University researchers make robot breakthrough

30th June 2024
Caitlin Gittins

Improving the dexterity of robot hands has remained an ongoing development in the field of robotics as it can have real-world implications for automating tasks such as handling supermarket goods or sorting through waste for recycling.

Led by Professor Nathan Lepora, a team at the University of Bristol has developed a four-fingered robotic hand equipped with artificial tactile fingertips. This hand can rotate objects, such as balls and toys, in any direction and orientation, even when the hand is upside down—a feat that has never been achieved before.

In 2019, OpenAI was the first to demonstrate human-like dexterity with a robotic hand. Despite making headlines, OpenAI soon disbanded its 20-member robotics team. Their setup involved a cage with 19 cameras and over 6000 CPUs to train large neural networks to control the hands, a process requiring substantial financial investment.

Professor Lepora and his team aimed to achieve similar results with more straightforward and cost-effective methods.

Over the past year, four university teams from MIT, Berkeley, Columbia, and Bristol have showcased complex feats of robotic hand dexterity, from picking up and passing rods to rotating children’s toys in-hand, using simple setups and desktop computers.

As reported in the recent Science Robotics article “The future lies in a pair of tactile hands,” the crucial development was integrating a sense of touch into the robotic hands. This was made possible by advances in smartphone camera technology, which are now small enough to fit inside a robot fingertip, enabling the creation of high-resolution tactile sensors.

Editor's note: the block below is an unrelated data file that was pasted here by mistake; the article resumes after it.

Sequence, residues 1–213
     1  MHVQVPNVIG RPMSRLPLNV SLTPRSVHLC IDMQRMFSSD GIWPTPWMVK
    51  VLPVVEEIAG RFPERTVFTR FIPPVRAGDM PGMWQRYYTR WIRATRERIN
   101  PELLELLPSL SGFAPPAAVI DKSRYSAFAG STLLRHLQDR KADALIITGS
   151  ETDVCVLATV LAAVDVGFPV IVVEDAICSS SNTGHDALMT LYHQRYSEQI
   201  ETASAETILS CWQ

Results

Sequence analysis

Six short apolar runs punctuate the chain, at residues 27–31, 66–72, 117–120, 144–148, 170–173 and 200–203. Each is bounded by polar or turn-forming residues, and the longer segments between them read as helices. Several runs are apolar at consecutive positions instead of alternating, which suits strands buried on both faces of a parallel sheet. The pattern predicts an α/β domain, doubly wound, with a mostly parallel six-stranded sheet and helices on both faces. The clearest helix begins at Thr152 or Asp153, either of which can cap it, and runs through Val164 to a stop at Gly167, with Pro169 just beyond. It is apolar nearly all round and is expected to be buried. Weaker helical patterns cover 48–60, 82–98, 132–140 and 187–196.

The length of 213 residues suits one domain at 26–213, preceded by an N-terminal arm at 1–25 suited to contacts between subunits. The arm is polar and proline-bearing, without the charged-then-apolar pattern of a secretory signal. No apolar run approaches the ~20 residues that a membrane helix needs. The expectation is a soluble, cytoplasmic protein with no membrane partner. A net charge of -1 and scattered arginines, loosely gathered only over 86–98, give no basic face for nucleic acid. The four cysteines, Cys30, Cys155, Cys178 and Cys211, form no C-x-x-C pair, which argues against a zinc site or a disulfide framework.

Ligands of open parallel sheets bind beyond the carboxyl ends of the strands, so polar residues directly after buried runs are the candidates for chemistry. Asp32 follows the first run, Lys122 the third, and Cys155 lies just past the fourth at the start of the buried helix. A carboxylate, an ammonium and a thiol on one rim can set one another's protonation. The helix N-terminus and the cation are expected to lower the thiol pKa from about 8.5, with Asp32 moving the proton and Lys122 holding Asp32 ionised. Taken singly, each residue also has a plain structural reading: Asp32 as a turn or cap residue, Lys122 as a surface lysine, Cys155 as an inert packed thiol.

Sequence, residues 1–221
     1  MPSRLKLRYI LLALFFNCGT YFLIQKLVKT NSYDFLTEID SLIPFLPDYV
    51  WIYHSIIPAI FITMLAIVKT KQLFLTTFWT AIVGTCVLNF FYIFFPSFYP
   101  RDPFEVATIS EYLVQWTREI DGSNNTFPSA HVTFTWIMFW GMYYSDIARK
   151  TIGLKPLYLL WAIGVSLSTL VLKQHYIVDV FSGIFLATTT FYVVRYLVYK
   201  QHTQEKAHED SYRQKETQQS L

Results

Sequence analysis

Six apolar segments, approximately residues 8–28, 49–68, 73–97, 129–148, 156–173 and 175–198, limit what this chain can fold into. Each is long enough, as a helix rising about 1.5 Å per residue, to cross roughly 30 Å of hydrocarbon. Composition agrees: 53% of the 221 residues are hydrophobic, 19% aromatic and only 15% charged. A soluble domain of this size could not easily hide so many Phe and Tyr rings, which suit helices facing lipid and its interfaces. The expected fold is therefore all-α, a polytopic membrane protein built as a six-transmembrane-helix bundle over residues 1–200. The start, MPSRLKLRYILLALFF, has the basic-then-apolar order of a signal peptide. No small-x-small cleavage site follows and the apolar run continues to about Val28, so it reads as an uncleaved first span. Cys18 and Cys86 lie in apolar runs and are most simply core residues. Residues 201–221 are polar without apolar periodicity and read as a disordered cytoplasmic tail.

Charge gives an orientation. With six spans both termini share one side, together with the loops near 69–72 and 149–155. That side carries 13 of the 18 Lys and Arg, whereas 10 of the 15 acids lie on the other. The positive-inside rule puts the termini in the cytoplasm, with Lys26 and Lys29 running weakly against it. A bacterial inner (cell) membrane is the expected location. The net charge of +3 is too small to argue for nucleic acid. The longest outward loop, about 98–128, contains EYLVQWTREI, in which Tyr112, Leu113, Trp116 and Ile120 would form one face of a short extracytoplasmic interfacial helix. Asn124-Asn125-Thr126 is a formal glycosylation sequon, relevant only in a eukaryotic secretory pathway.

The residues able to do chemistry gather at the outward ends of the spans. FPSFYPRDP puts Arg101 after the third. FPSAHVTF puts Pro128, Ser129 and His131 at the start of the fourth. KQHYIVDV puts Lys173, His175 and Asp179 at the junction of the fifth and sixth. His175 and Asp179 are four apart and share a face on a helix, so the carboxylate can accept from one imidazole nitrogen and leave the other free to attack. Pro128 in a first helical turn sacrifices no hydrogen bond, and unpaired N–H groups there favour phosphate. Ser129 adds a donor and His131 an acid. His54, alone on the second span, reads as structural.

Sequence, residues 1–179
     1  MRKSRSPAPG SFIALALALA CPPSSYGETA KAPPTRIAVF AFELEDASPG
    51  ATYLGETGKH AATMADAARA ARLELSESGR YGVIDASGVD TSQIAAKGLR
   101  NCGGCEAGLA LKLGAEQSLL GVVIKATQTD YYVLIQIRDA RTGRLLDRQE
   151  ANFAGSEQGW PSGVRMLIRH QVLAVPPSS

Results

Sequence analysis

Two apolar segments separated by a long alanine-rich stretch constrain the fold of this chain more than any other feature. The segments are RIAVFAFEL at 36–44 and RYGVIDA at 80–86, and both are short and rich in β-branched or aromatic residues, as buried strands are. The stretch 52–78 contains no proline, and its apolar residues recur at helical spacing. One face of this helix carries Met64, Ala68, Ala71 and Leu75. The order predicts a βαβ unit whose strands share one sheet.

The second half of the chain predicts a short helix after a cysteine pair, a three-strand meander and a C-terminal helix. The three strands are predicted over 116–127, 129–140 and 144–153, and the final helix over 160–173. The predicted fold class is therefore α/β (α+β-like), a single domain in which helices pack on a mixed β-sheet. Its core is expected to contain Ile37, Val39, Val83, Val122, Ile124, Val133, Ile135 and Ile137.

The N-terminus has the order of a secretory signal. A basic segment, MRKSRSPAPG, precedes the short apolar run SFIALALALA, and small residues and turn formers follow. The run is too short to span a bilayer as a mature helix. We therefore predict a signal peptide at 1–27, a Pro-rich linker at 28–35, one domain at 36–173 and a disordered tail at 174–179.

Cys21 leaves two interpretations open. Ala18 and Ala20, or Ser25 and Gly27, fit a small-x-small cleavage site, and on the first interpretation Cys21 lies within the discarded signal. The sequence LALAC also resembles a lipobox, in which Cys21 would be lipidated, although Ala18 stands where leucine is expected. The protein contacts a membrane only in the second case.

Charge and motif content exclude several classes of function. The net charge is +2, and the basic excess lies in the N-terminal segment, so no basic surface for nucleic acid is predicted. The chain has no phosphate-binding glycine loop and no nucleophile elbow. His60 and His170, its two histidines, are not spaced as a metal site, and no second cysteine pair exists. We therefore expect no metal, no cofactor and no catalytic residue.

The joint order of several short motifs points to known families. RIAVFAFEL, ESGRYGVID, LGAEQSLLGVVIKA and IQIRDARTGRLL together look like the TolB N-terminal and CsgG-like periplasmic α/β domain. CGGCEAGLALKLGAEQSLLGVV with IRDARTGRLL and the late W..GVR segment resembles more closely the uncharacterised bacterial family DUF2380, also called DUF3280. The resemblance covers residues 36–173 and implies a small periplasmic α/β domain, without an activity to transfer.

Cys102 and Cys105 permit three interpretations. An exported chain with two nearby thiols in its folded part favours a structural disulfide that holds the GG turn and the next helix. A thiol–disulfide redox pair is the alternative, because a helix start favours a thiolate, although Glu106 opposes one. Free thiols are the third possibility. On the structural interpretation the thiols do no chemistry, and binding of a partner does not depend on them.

“In Bristol, our artificial tactile fingertip uses a 3D-printed mesh of pin-like papillae on the underside of the skin, based on copying the internal structure of human skin,” explained Professor Lepora. “These papillae are made on advanced 3D-printers that can mix soft and hard materials to create complicated structures like those found in biology.

“The first time this worked on a robot hand upside-down was hugely exciting as no-one had done this before. Initially the robot would drop the object, but we found the right way to train the hand using tactile data and it suddenly worked even when the hand was being waved around on a robotic arm.”

The future advancements for this technology aim to progress beyond simple pick-and-place or rotation tasks to more sophisticated examples of dexterity, such as the manual assembly of items like Lego.

Professor Lepora’s research has been made possible through a Leverhulme Trust Research Leadership Award.

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